listen to something, I like to be taken out of my seat and thrown
the room. I like guts, a good drive, which can include gentle stuff
If it sounds good and feels good, that's it." Rory Gallagher
that, and a close listen to most of his music, might lead one to think
Irish guitarist Rory Gallagher is some kind of fierce character, a mean
ball of energy likely to explode into malevolent action at a moment's
The truth is, Gallagher, the person, is almost the complete antithesis
of his aggressive music. He's quiet, friendly, soft-spoken, eager to
But don't stand in the way of the man or his guitar.
Ballyshannon, County Donnegal, Rory, moved at an early age to Cork. He
bought his first real guitar at nine, replacing an earlier plastic
on which he'd entertained relatives and socials with the hits of Gene
At 15, though he had no particular fondness for the form, he joined the
full-scale Fontana Showband ( later renamed the Impact ), with whom he
spent two and a half crowd-pleasing years.
all over Ireland, toured Spain and did a couple of English gigs,"
explains. "It turned out to be great fun. We were luckier than most
the drummer wanted to do Jim Reeves stuff, but the rest of us wanted to
play "Nadine" and " A Shot of Rhythm and Blues." Rory's rock & roll
heroes had been Eddie Cochran, Chuck Berry and Buddy Holly; when the
broke up, he found himself freed to play his favorite hard rock
With the showband's drummer and bassist, he visited Hamburg in 1965,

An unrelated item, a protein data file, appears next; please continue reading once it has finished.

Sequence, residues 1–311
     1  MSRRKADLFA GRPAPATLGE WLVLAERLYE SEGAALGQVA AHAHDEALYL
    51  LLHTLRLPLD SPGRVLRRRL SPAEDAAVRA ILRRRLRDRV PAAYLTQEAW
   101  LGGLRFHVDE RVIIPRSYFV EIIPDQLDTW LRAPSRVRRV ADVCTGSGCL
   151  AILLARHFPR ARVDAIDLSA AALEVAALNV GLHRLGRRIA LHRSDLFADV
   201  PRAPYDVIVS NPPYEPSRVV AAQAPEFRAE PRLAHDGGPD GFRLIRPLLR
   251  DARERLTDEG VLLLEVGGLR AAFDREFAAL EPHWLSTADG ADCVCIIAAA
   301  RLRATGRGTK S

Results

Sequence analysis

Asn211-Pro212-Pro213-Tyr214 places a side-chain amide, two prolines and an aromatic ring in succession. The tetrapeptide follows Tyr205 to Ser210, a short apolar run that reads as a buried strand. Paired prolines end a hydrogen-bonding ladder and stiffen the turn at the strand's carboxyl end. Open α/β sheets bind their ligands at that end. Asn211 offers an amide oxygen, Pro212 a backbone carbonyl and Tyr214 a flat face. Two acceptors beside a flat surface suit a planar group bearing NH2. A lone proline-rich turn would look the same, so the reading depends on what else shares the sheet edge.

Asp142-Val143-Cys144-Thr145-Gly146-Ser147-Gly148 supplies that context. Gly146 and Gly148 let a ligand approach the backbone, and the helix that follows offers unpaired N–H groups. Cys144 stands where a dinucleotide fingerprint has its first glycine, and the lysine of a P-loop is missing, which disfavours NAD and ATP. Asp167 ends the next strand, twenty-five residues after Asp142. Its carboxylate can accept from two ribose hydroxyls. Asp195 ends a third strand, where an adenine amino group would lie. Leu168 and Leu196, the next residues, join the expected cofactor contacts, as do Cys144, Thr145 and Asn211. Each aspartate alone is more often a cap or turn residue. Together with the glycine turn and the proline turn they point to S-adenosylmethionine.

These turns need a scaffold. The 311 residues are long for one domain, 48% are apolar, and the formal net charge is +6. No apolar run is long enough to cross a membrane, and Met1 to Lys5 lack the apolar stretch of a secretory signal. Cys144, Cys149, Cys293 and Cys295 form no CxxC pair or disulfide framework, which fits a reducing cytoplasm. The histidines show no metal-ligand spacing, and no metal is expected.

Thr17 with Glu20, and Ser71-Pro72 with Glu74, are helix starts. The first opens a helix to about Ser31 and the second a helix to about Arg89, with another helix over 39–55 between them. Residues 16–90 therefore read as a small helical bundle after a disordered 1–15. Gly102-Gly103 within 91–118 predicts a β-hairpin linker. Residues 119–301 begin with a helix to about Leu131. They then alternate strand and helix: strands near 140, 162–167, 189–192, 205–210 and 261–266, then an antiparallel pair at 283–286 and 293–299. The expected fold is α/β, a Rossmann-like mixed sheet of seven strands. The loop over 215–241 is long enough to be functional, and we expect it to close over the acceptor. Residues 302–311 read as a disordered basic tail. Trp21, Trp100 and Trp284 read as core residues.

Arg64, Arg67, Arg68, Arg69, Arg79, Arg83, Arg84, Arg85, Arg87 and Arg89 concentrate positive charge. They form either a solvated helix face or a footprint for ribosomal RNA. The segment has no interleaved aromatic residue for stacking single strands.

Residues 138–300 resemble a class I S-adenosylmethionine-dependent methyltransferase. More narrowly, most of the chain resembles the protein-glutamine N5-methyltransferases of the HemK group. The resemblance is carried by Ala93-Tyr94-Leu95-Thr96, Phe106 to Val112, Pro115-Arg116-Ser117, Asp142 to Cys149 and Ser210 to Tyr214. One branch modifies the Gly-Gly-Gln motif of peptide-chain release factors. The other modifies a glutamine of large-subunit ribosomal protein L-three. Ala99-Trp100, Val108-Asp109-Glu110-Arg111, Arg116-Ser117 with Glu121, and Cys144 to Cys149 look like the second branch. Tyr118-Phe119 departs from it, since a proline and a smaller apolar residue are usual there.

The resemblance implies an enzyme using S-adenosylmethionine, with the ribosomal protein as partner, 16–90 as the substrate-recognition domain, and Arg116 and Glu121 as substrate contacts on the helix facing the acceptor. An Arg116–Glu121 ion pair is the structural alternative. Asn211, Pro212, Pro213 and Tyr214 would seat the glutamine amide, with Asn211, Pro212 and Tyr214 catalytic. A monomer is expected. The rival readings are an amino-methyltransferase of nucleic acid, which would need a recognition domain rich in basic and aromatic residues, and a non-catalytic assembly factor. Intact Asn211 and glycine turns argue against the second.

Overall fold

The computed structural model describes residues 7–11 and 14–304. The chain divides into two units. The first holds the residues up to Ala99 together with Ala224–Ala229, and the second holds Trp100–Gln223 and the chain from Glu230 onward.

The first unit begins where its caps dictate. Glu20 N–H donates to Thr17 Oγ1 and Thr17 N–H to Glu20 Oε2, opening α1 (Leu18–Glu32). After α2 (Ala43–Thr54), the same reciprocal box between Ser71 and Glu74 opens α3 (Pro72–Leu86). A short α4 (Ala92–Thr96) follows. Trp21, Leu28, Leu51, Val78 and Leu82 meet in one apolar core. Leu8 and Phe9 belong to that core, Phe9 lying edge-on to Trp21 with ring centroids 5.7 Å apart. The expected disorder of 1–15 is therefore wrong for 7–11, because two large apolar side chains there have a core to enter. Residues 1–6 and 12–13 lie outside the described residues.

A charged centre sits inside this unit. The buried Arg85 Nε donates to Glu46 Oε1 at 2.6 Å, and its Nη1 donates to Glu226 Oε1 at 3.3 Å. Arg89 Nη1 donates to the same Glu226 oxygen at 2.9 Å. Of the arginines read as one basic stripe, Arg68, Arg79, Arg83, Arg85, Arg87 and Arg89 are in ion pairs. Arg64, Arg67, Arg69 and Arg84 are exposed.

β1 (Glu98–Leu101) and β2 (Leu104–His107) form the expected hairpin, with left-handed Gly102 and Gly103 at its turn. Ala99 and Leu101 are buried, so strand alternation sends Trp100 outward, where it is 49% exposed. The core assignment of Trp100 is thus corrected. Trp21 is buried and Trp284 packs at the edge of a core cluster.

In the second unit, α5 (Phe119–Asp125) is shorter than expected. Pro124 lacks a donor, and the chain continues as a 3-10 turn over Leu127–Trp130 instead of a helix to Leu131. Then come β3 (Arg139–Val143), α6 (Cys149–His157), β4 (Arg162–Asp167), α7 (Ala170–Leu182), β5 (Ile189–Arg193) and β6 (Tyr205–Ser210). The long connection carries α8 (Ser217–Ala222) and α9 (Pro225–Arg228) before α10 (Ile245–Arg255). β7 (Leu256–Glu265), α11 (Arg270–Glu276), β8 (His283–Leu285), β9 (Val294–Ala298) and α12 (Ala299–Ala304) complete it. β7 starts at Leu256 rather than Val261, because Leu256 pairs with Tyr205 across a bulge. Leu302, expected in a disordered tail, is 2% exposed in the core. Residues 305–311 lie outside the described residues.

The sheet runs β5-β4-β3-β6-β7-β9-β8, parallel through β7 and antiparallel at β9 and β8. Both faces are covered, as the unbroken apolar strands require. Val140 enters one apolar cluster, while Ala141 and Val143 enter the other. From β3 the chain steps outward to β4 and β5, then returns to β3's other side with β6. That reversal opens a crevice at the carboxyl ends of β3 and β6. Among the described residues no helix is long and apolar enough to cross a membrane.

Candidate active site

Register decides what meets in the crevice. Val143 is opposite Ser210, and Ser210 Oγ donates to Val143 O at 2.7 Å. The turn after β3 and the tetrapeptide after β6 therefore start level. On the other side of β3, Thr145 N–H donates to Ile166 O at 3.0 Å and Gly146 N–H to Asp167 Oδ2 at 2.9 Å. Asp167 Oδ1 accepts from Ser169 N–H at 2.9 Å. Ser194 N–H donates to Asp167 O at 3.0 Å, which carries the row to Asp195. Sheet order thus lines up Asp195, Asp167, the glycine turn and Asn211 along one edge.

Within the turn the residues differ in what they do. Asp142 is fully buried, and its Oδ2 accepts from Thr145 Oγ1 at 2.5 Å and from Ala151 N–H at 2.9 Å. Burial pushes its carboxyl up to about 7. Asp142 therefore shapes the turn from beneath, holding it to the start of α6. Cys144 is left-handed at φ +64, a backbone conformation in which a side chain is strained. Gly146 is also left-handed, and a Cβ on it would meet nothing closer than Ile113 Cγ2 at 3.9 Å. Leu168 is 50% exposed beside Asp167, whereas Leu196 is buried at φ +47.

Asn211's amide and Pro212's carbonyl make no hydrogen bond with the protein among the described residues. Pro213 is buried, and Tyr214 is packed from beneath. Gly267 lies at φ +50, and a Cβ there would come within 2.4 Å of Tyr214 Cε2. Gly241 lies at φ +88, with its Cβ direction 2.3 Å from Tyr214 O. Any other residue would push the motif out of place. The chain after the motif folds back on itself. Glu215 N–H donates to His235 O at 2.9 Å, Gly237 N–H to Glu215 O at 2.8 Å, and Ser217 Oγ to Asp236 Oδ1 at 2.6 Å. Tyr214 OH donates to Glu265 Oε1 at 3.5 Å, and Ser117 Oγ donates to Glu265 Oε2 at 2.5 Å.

to England some months later and forming the nucleus of Taste, the band
with which he was to enjoy his first success. " We played around
went to Germany again, then finally made the big step over to London in
two critically acclaimed albums, Taste and On the Boards (
both on Atlantic in the U.S.) and built up a considerable reputation on
the strength of volcanic live appearances. Late in 1970, however, Taste
broke up and Gallagher again found himself with time on his hands. He
the early months of 1971 laying the foundations for a new band that
continue where Taste left off. With fellow Irishman Wilgar Campbell on
drums and Gerry McAvoy on bass backing him, Rory cut his first solo
Gallagher, released on Polydor. The set furnished a more in-depth
of the artist; where Taste's assets lay in the band's ability to
enormous physical excitement, the new album disclosed Rory as a
performer, even subtle, musical sides.
same time, one of Rory's early idols- Muddy Waters- visited London to
his London Sessions album and Rory was one of the first
the veteran bluesman chose.
two more solo albums with Wilgar and Gerry: Deuce in November
1971 and Live In Europe in spring of 1972, the latter being
record that brought his giant breakthrough in sales. The band had first
visited America in the fall of '71, and made considerable impression on
hard rock-hungry audiences across the country.
if his music had changed since the days of Taste, Gallagher explained,
"I'm still recognizable, even if the line-up has changed. As far as
goes, I don't like playing twelve bars all the time; the blues field
right from Charlie Patton to Lowell Fulson and my aim has been to play
the blues properly and feel them. Basically, I like anything with guts:
Leadbelly, Woody Guthrie, The Stones, Johnny Winter."
released three more albums with Polydor ( Blueprint, Tattoo and
the devastating live set, Irish Tour '74 ) before signing with
in 1975. His first album with the label , Against the Grain,
released in the fall of the year, coinciding with a favorably received
with the new album," Rory admits. "It's the first studio album in two
we recorded at Wessex, a studio I hadn't used before in London, but it
had a nice feel to it. There are seven new songs which I've written
a period of a year. Apart from those, there's a Leadbelly number, 'Out
On the Western Plain,' and James and Bobby Purify's 'I Take What I
It's a good record."
comes from a promotional booklet for Against The Grain in 1975.
to John Murphy for sharing it.